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Internal Auditor


Isaac Williams

925-682-8000 ext. 4206

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About Internal Controls

Internal controls are an important part of any business as well as a district. An internal control system includes policies and procedures that management designs and implements to provide reasonable assurance that its objectives will be met. Such objectives include safeguarding district assets, promoting efficiency and providing reliable financial information and records.

Internal control systems are based on the principle of separation of duties. This separation makes it more difficult for theft or undetected errors. No one person should be in a position to control a transaction from initiation to completion and recording into the books.  Internal controls can be preventive, detective or corrective in nature:

Preventive controls are designed to discourage or pre-empt errors or irregularities from occurring. They are more cost-effective than detective controls. Credit checks, job descriptions, required authorization signatures, data entry checks and physical control over assets to prevent their improper use are all examples of preventive controls.

Detective controls are designed to search for and identify errors after they have occurred. They are more expensive than preventive controls, but still essential since they measure the effectiveness of preventive controls and are the only way to effectively control certain types of errors. Account reviews and reconciliations, observations of payroll distribution, periodic physical inventory counts, passwords, transaction edits and internal auditors are all examples of detective controls.

Corrective controls are designed to prevent the recurrence of errors. They begin when improper outcomes occur and are detected and focus the "spotlight" on the problem until management can solve the problem or correct the defect. Quality circle teams and budget variance reports are examples of corrective controls. You can evaluate controls in your department's operations by following the same process.


Control activities are those specific policies and procedures that help ensure management directives are implemented. They include a wide range of activities that occur throughout the organization, by supervisory and front-line personnel. This is not an all-inclusive list, but represent some examples of common control activities:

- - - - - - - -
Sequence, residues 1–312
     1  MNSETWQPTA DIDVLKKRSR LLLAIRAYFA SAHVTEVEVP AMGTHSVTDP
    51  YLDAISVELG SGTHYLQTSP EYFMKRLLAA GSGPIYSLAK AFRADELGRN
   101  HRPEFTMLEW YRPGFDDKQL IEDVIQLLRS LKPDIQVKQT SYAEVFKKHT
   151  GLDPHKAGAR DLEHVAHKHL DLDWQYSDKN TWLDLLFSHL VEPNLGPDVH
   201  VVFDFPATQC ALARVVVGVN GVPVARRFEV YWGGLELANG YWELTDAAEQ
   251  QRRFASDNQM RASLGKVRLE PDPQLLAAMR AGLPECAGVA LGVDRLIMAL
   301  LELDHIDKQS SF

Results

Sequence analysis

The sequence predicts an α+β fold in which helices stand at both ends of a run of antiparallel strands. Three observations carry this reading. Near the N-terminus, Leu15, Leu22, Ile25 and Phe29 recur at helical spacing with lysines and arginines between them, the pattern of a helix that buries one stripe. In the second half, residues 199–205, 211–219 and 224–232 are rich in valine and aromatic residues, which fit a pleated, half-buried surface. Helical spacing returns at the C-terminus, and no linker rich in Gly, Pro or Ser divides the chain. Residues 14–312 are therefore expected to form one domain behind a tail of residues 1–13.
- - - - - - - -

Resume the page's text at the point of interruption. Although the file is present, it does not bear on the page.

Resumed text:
• Segregation of Duties - Duties are divided, or segregated, among different people to reduce the risk of error or inappropriate actions. For instance, responsibilities for authorizing transactions, recording them, and handling the related asset are divided.
  • Physical Controls - Equipment, inventories, securities, cash and other assets are secured physically, and periodically counted and compared with amounts shown on control records. Access is restricted to those with authority to handle them.
  • Reconciliations - Comparisons are made between similar records maintained by different persons to verify transaction details.
  • Policies and Procedures - Established policies, procedures and even job descriptions provide guidance and training to ensure consistent performance at a required level of quality.
  • Transaction and Activity Reviews - Managers running functions or activities review performance reports. They may relate different sets of data - operating or financial - to one another, together with analyses of the relationships.
  • Information Processing Controls - A variety of controls are performed to check accuracy, completeness and authorization of transactions. Data entered are subject to edit checks or matching to approved control files. Numerical sequences of transactions are accounted for, and file totals are controlled and reconciled with prior balances and control accounts. Development of new systems and changes to existing ones are controlled, as is access to data, files and programs.


Recommendations for Developing an Internal Control System
  1. Designate the cash handling responsibilities to specific individual(s)
  2. Do not allow the person responsible for bookkeeping to handle cash. There must be segregation of duties.
  3. Use pre-numbered receipts for all cash collections.
  4. Carefully review all bank deposits before making the deposit.
  5. Promptly make deposits intact (no money held back for expenses)
  6. Secure cash in a safe, or cash register.
  7. If a cash register is used, establish policies for overages and shortages.
  8. Make all payments by checks except for small amounts to be paid by petty cash. Petty cash should be maintained on the impress method, requiring documentation to support all inflows and outflows of cash.
  9. Use proper documentation to support all disbursements.
  10. Keep all cash-related documents secured when not in use.
  11. Whenever possible, use outside documentation to compare against your records.
  12. Make a visible indication of reviews on documents reviewed. The control system should never exist on only paper, and employees should see evidence of its application.
  13. Set up the control system early to prevent problems, rather than as a reaction to loss.
  14. Provide the internal control system with ways to identify the source of errors to direct remedial errors.